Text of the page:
Ending Female Genital Mutilation by 2030
Did You Know?
- UNFPA estimates there may be as many as 2 million cases of female genital mutilation by 2030 that would have otherwise been averted due to the COVID-19 pandemic.
- In 2021 alone, there are 4.16 million girls around the world, who are at risk of undergoing female genital mutilation.
- According to a UNFPA (pre-COVID-19) study, the cost of preventing female genital mutilation is $95 per girl today.
- 30 countries where female genital mutilation is prevalent are experiencing high population growth, with at least 30 per cent of girls undergoing female population under the age of 15.
- Around 1 in 4 girls and women, or 52 million worldwide, experienced female genital mutilation, performed by health personnel pointing to an alarming trend in the medicalization of female genital mutilation.
Female genital mutilation (FGM) comprises all procedures that involve altering or injuring the female genitalia for non-medical reasons and is recognized internationally as a violation of the human rights, the health and the integrity of girls and women.
Girls who undergo female genital mutilation face short-term complications such as severe pain, shock, excessive bleeding, infections, and difficulty in passing urine, as well as long-term consequences for their sexual and reproductive health and mental health.
Although primarily concentrated in 30 countries in Africa and the Middle East, female genital mutilation is a universal problem and is also practiced in some countries in Asia and Latin America. Female genital mutilation continues to persist amongst immigrant populations living in Western Europe, North America, Australia and New Zealand.
In 2020, the COVID-19 pandemic has negatively and disproportionately affected girls and women, resulting in a shadow pandemic disrupting SDG target 5.3 on the elimination of all harmful practices including, female genital mutilation. UNFPA estimates additional 2 million girls projected to be at risk of undergoing female genital mutilation by 2030. In response to this disruption, the United Nations, through its UNFPA-UNICEF joint program, has been adapting interventions that ensure the integration of female genital mutilation in humanitarian and post-crisis response. The Joint Program currently focuses on 17 countries in Africa and the Middle East and also supports regional and global initiatives.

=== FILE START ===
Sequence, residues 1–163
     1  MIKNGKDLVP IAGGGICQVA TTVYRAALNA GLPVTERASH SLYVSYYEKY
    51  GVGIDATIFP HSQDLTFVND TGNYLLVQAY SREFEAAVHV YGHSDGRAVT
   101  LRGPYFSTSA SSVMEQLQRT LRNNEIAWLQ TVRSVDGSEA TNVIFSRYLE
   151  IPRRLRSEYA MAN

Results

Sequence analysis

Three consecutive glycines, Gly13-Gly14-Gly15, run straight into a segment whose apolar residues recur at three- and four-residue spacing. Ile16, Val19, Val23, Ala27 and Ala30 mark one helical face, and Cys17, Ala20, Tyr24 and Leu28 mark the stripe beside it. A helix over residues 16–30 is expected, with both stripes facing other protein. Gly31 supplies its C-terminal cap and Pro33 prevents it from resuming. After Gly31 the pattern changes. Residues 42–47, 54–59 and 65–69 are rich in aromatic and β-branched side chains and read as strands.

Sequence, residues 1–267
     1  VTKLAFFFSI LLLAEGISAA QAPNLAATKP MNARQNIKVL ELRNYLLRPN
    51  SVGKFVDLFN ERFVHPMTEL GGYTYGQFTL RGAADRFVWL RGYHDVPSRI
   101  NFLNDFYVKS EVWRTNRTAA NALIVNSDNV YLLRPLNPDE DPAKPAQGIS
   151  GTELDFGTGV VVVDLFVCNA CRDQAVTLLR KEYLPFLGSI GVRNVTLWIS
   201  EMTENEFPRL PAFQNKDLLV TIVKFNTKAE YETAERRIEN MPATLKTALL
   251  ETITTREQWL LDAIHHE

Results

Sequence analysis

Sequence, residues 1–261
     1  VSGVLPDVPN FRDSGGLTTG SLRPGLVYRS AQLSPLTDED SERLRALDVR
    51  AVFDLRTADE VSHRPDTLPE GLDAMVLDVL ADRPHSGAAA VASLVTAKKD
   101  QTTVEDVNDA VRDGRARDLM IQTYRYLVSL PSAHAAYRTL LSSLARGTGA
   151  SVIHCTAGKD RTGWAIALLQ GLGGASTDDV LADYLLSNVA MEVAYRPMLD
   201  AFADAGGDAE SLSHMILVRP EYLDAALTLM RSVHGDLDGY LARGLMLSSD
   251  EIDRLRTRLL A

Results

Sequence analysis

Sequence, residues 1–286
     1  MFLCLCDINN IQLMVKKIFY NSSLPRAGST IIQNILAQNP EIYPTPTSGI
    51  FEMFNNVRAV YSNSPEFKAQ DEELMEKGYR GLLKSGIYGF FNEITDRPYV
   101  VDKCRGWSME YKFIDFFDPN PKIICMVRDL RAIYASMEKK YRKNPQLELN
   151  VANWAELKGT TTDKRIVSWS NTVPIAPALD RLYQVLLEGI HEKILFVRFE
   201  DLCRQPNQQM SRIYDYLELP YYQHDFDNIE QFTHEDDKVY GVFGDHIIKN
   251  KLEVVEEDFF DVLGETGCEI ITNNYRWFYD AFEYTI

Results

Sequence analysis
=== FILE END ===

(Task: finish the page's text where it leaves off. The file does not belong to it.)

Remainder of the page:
To promote the elimination of female genital mutilation, coordinated and systematic efforts are needed, and they must engage whole communities and focus on human rights, gender equality, sexual education and attention to the needs of women and girls who suffer from its consequences.
Although the practice has been around for more than a thousand years, there are reasons to think that female genital mutilation could end in a single generation. That is why the United Nations strives for its full eradication by 2030, following the spirit of Sustainable Development Goal 5.
Over the years, this partnership has seen significant achievements. For instance, more than 2.8 million people participated in public declarations of FGM elimination, and the number of communities establishing surveillance structures to track girls doubled and protected 213,774 girls from undergoing the practice.